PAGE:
The Financial Independence (FI) movement can appear to be very US centric, having the largest community and most prominent bloggers and podcasters. The terminology used, retirement vehicles highlighted and strategies suggested are, not surprisingly, typically those available in America.
As an expat living in the US, but likely to be moving on next year, I’ve been conscious and interested in the broader international approach to Financial Independence.
What works in one country may not necessarily work in another one. Where you live can have a big impact on the approach you take and strategies you employ to save effectively, minimize tax, invest and build assets.
So what are the universal themes applicable wherever you live? What are some of the key differences to think about and consider when developing your plan of attack to reach Financial Independence?
I’ve written previously about the millions of people living paycheck-to-paycheck. It doesn’t matter how much you earn but rather how much you spend. According to a recent Nielson survey, 25% of American families earning more than $150,000 per year still live paycheck-to-paycheck, so even the wealthy aren’t immune. Apart from poor financial habits, a key reason for this ongoing money stress, for many people, is lifestyle inflation.
It is a gradual, subtle and common problem that’s killing our collective finances. The harmful effects occur over time and in a way that often goes unnoticed.
Like the fable of the boiling frog, who didn’t perceive the danger of the increasingly hot water and was slowly cooked to death, many of us have been unwittingly turning up the financial heat in our own lives by trying to keep up with the Joneses or “upgrading” our lifestyles when we get a payrise.
Most of us have been victims to the silent assassin of lifestyle inflation. Our spending inches up year-on-year, and what was once something you considered a luxury item is now a must have “need”.
Those moments when you convinced yourself that you deserved it because you work hard, or that a “one-off” treat won’t hurt, have added up over time. The aggregate impact of decisions to get a nicer couch, second car or bigger house increase our monthly spend commitments and raise the bar of what we need to earn.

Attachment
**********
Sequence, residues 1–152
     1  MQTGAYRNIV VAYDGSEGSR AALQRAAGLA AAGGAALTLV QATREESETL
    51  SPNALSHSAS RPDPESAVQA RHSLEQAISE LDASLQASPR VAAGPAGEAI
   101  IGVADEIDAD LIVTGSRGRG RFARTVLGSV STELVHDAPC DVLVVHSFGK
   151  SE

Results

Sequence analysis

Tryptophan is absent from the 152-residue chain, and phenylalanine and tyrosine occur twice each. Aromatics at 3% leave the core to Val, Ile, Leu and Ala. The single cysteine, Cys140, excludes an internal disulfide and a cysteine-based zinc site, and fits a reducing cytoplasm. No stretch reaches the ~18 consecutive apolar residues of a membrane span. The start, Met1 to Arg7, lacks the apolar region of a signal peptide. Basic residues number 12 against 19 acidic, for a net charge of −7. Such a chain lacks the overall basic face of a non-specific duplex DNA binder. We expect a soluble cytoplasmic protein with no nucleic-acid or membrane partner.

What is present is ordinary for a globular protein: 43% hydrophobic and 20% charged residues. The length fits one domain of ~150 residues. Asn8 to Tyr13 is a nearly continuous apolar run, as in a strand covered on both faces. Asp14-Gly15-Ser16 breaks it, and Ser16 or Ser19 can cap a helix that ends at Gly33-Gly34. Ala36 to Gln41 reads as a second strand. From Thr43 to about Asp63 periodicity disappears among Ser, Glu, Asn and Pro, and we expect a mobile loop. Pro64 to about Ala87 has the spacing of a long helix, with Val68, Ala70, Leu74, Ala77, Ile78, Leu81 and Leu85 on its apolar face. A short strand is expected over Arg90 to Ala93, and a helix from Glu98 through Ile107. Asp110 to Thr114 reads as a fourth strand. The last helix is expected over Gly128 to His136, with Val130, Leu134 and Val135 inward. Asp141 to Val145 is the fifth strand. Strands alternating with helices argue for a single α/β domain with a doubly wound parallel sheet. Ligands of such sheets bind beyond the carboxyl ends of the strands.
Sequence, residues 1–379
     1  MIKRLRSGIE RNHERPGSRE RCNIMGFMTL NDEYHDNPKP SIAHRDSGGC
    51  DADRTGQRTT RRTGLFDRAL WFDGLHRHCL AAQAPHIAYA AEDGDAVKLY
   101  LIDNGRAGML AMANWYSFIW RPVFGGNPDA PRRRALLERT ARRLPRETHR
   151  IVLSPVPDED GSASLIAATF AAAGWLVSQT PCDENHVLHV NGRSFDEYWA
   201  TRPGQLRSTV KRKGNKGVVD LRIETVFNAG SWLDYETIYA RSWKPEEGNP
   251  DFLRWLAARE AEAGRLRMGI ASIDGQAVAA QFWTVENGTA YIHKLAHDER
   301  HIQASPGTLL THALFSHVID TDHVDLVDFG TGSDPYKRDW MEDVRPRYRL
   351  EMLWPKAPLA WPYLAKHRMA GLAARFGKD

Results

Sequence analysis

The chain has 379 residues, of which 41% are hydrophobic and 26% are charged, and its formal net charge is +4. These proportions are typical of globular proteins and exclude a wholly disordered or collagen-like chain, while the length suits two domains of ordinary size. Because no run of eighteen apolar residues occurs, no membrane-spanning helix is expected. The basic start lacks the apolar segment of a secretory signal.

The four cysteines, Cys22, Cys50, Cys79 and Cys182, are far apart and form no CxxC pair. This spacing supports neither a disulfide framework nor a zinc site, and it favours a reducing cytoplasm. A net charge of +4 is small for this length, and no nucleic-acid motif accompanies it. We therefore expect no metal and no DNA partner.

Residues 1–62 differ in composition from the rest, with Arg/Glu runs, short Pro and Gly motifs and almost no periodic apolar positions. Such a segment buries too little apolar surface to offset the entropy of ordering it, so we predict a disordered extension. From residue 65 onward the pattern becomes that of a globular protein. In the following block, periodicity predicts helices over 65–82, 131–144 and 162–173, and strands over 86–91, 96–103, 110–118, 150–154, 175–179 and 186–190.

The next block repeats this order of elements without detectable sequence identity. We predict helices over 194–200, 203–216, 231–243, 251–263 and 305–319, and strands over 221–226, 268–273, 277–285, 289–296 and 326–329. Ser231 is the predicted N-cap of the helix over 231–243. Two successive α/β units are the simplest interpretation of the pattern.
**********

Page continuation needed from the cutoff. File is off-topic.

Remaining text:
Resignation or resistance? Passiveness or proactivity? Unconscious or mindful? These are active decisions and ones which I believe have a dramatic impact on our quality of life. The mind shift to being more in control of one’s destiny also requires an honest recognition of the situtation, relationship, circumstance or lifestyle we are living and then a resolution to change. Instead of complaining about your lot in life, do something about it.
One of the most liberating realizations you can come to is that you are not a victim of circumstance, but rather a product of your decisions. There are the small decisions that aggregate over time, and bigger changes that shift the paradigm.
“We are not imprisoned by our circumstances, our setbacks, our history, our mistakes, or even staggering defeats along the way. We are freed by our choices”
I’ve written in detail about some of the positive actions and choices I’ve made in recent months about my finances and the pursuit of financial independence, trying to live with less and implementing changes to lighten my ecological footprint.
Another area I’m looking to proactively address is work.